Monday, February 6, 2012

Knitting ~

And, as promised, in appreciation, I embroidered a little something for Anna W. and Susan K. for choosing the name ~A Maria-kind-of-day~ for my blog . Personalized lavender sachets were mailed, and received, thank you friends!


Knitting is a method by which thread or yarn may be turned into cloth or other fine crafts.  Wikipedia.

I have been knitting since I was 5 or 6 years old. Growing up in Chile, there was no TV in “those days”. Neighbors would gather their chairs, and meet in the sidewalk after supper, to knit and share the daily gossip, or listen to the radio. Most little girls, notice I said “girls”, little boys were busy digging holes or fighting with sticks, would sit by their Mothers and Grandmothers and be taught the craft. I don't remember ever NOT knitting. In the society of "those days", you could not just go to the store and buy a sweater. And if they were available for purchase, most people simply couldn't afford it. If you did not knit, knitters were hired to make a cardigan for school, or warm socks, or a baby's layette. The first time I bought a sweater was after I arrived to the US, over 35 years ago.
For me, knitting is a form of relaxation. Once you have mastered the craft, you can do several things at once. At this stage, I can now multitask by watching TV, reading a book, knitting and. sometimes, eating cookies, all at once, without missing a single stitch! It is a nice way to keep occupied.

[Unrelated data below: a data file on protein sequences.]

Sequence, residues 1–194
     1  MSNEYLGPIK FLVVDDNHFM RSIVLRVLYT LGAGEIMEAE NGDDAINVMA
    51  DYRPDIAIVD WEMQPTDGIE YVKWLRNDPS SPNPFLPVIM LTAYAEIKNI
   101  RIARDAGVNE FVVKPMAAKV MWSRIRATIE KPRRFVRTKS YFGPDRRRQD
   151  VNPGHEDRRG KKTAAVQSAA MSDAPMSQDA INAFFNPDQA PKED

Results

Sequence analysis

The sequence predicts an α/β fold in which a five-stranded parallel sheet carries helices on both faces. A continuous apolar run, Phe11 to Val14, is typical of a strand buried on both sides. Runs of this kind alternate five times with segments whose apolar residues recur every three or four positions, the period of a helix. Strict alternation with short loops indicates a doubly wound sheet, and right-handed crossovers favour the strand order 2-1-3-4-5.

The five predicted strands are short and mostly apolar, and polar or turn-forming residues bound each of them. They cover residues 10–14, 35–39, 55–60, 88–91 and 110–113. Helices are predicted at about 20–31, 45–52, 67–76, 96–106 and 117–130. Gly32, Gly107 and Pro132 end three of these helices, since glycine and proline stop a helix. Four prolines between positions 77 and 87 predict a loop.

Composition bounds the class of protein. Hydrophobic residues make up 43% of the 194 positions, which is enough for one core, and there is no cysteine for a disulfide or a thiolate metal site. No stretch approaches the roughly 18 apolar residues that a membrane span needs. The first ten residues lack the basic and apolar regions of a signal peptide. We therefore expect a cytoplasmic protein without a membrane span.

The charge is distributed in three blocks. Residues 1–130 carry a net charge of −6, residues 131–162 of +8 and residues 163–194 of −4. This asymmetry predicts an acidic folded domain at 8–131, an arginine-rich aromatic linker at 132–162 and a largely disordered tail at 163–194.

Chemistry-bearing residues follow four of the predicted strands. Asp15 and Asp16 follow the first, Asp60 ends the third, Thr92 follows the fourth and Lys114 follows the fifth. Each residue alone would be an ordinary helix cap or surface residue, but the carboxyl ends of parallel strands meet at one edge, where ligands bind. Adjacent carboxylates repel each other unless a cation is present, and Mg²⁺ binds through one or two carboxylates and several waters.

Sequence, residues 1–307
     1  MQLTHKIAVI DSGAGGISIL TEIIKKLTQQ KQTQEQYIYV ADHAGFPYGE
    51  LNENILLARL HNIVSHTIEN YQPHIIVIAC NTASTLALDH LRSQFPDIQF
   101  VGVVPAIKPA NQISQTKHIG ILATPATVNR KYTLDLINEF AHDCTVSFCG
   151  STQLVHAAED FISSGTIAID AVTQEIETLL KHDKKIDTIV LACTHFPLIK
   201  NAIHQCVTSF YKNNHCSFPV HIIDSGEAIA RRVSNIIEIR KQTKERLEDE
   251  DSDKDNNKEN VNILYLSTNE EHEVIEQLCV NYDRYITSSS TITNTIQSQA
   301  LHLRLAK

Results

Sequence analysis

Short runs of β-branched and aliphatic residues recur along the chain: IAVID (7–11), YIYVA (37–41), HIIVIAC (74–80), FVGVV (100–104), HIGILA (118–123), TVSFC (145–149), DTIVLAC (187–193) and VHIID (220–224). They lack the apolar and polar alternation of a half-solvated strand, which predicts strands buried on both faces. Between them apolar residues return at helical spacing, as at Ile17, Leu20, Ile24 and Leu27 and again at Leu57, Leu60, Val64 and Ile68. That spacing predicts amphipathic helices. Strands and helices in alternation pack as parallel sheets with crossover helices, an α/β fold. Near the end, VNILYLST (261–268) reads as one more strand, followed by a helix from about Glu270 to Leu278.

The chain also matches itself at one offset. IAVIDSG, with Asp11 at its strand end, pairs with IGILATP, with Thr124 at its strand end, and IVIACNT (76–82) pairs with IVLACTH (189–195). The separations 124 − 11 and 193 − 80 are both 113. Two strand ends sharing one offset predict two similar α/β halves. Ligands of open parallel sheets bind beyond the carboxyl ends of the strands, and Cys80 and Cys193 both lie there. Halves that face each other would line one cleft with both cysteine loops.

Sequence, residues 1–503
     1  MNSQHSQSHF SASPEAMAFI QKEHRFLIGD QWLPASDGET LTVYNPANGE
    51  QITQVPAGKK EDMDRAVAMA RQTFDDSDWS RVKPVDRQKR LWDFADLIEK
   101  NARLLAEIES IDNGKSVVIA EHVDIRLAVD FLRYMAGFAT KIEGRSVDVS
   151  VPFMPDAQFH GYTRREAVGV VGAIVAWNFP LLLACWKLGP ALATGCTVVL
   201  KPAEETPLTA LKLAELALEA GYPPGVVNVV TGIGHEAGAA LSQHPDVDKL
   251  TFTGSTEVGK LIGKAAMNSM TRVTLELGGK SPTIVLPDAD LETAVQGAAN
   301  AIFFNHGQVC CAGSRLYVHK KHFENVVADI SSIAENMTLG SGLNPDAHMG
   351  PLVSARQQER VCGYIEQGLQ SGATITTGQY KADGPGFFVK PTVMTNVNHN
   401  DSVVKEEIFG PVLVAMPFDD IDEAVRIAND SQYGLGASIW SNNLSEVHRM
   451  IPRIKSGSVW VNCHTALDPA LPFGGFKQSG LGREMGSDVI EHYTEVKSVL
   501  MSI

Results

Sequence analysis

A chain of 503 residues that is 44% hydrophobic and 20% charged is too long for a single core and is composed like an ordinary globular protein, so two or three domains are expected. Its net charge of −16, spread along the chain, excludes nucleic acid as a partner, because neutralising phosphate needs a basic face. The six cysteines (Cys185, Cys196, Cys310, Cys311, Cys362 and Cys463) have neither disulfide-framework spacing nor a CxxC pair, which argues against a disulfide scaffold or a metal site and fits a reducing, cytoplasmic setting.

When I travel, I always bring some small projects to keep me balanced. Claustrophobia and flying don't go together.  If I fly, I bring my bamboo needles and lots of WIPS (Works In progress) 
On my upcoming trip to Chile I will be bringing:
Socks (Notice the dangerous bamboo needles)
A sweater I have started for a beloved boy of mine

Tiny Shells Shawlette
Airport security seems to be OK with bamboo. Last time I visited Chile, they took away my metal needles before boarding the plane. Of course, I could gouge the eye of an intruder, or defend myself if need be with those things! I don't think that security is aware of how strong bamboo needles are, but I am not telling. They are my secret weapon!!!

Even at an early age I wanted to "just sit and knit", with that feeling of not wanting to put those needles down. Knitting needles, are called “palillos” in Spanish...or little sticks. I have a pretty decent collection of palillos. Some, I seldom use, they are too big or too heavy, or warped, but they belong with my knitting needle community and they are happy to just sit there, quietly and visit with their compadres, more modern needles, lighter, more pliable, more ergonomic.